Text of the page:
In order to right the ship, the question is will the Red Sox need more than just the walking wounded to return? In a season that has seen Jonathan Papelbon struggle a bit and the relief corp of Ramon Ramirez, Hideki Okajima and Manny Delcarmen struggle mightily, acquiring at least bullpen help would make a great deal of a difference if the team has any real hopes of challenging New York or Tampa Bay.

On the other hand, if the Red Sox are 7.5 games out of first and 5.5 games out of the chase for the Wild Card, maybe they would be better off selling off their 2010 season for parts that might improve their 2011 season and beyond. The team certainly has a few chips that might be worth dangling.

Coincidentally, it seems the Red Sox are in a situation where they might benefit from trying to trade both their current third baseman and the third baseman he replaced at the beginning of the season.

During the off-season, the team signed Adrian Beltre to a one year, $10 million deal that has subsequently turned into one of the best deals this season. Beltre’s 2010 season may go down as his best year since his 2004 break out season with the Los Angeles Dodgers. Meanwhile, Mike Lowell has recently been smacking the ball around for the Pawtucket Red Sox as he returns from a sore hip. It’s true that Lowell may never again be able to play third base every day. It’s also true that the remaining money on his $12.5 million salary may be too much for a team to swallow. With 4 home runs and 4 doubles in 5 games with the PawSox already, there might be a market for the player who might best be suited for DH duties the rest of the way this season.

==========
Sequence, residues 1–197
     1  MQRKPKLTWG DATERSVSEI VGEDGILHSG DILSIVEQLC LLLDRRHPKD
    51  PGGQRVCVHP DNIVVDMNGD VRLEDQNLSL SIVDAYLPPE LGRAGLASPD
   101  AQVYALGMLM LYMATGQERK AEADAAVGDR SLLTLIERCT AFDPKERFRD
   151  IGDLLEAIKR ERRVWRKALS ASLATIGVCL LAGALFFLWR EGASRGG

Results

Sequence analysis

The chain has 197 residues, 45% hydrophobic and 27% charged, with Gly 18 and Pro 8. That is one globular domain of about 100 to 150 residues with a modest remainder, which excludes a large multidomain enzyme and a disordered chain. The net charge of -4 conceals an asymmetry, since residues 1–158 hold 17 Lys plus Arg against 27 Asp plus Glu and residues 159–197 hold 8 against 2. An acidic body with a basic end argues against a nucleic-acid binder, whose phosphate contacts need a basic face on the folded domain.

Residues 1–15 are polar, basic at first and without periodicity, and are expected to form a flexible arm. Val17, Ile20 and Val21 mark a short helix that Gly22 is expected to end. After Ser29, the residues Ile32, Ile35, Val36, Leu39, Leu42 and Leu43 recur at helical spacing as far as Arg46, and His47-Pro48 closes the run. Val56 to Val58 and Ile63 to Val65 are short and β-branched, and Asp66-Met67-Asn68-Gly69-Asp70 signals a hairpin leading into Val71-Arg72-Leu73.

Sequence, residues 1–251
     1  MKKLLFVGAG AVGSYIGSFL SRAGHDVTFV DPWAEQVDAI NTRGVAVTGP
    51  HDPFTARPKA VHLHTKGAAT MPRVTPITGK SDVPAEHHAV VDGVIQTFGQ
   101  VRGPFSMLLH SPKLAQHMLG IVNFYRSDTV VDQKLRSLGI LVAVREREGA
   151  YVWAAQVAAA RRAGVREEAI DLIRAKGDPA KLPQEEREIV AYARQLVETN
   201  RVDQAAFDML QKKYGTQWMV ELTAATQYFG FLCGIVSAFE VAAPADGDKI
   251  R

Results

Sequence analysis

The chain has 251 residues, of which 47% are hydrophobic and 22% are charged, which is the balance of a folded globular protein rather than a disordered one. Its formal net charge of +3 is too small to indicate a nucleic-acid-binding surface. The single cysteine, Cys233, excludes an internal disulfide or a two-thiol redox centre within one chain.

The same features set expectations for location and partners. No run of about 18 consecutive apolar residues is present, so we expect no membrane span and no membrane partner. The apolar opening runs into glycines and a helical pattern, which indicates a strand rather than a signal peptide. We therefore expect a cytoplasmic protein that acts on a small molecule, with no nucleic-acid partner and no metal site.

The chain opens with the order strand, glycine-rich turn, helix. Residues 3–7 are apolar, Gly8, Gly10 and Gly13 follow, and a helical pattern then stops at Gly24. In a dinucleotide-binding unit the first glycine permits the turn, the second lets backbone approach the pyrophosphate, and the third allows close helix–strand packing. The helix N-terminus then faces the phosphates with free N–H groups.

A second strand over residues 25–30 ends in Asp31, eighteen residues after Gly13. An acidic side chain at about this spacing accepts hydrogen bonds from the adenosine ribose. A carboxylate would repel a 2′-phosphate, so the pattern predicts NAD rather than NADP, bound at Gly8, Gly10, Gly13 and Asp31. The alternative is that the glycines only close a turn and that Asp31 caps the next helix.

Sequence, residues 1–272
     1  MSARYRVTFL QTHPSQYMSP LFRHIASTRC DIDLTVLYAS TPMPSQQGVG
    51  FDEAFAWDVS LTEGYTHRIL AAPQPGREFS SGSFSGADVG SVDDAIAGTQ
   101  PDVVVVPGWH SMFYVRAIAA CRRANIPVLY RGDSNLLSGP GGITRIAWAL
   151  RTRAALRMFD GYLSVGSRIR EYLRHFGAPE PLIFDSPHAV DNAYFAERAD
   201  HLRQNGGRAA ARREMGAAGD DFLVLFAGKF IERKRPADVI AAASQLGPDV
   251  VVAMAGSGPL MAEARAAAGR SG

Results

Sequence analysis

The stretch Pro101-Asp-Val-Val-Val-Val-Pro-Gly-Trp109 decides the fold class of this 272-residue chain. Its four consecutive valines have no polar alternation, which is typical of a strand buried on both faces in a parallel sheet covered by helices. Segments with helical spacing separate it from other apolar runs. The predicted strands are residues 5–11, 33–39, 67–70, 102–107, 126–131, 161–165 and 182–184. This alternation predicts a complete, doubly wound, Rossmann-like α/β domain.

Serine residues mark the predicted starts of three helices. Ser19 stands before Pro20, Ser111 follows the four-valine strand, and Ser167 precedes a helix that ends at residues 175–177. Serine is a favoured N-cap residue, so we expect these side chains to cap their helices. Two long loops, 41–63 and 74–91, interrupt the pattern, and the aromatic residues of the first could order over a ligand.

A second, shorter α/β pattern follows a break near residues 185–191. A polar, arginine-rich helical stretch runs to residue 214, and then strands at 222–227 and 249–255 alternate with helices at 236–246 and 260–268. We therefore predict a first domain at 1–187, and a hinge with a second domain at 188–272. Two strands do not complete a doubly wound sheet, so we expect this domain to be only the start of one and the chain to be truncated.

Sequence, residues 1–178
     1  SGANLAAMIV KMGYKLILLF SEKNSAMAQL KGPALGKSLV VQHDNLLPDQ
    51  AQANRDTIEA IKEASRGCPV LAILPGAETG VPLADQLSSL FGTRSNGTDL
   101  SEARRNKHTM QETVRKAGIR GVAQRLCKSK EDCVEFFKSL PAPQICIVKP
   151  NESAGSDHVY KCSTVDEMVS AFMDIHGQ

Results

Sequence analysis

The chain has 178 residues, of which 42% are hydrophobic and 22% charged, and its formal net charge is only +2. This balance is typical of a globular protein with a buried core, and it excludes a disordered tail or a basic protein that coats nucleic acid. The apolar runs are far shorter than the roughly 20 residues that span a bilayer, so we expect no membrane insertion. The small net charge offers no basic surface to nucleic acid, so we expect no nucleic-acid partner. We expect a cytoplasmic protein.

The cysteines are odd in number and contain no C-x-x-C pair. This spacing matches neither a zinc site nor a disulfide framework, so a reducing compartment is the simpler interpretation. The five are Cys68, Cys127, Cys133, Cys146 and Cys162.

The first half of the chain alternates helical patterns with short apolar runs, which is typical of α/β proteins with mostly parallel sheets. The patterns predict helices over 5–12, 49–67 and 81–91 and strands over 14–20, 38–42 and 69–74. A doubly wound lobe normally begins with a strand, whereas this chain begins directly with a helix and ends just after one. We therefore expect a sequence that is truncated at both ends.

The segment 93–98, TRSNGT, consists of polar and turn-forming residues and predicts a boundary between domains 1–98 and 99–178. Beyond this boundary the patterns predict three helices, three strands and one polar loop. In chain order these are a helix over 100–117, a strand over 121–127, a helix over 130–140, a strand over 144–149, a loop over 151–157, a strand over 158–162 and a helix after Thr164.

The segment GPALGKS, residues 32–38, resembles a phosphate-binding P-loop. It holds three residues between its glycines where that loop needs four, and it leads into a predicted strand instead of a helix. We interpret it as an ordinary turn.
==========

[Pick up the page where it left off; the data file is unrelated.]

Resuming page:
With the return of Jed Lowrie, the Red Sox could warrant the trading of Beltre if it means better things for the future. However, trading Beltre and Lowell would undoubtedly raise the white flag on the 2010 season. Truth be told, with all of the other moves made by contenders, it seems as though they may have already waved the flag.

So the question remains, are the Red Sox buyers or sellers?

With all of the injuries and poorly performing players on the disabled list and sitting in the bullpen, selling makes the most sense. However, selling on the rest of the season is something the Red Sox haven’t done since trading Mike Stanley to the New York Yankees in August of 1997. Nobody wants to watch poor baseball, and no disrespect to Jed Lowrie, but trading Beltre would greatly impact the quality of the Boston offense. It’s worth noting that that trade brought in a minor league ballplayer that was traded less than 6 months later to the Montreal Expos in the deal that brought Pedro Martinez to town.

The Red Sox face the possibility of a repeat of the 2006 season, when they finished 11 games behind the Yankees while slipping to third place. They finished that season 22-35, thanks in part to number of injuries to key players. Though it might be an unpopular opinion, they would be better off capitalizing on the few trading chips they do have, rather than holding all of their chips on the ship that appears to be sinking anyway.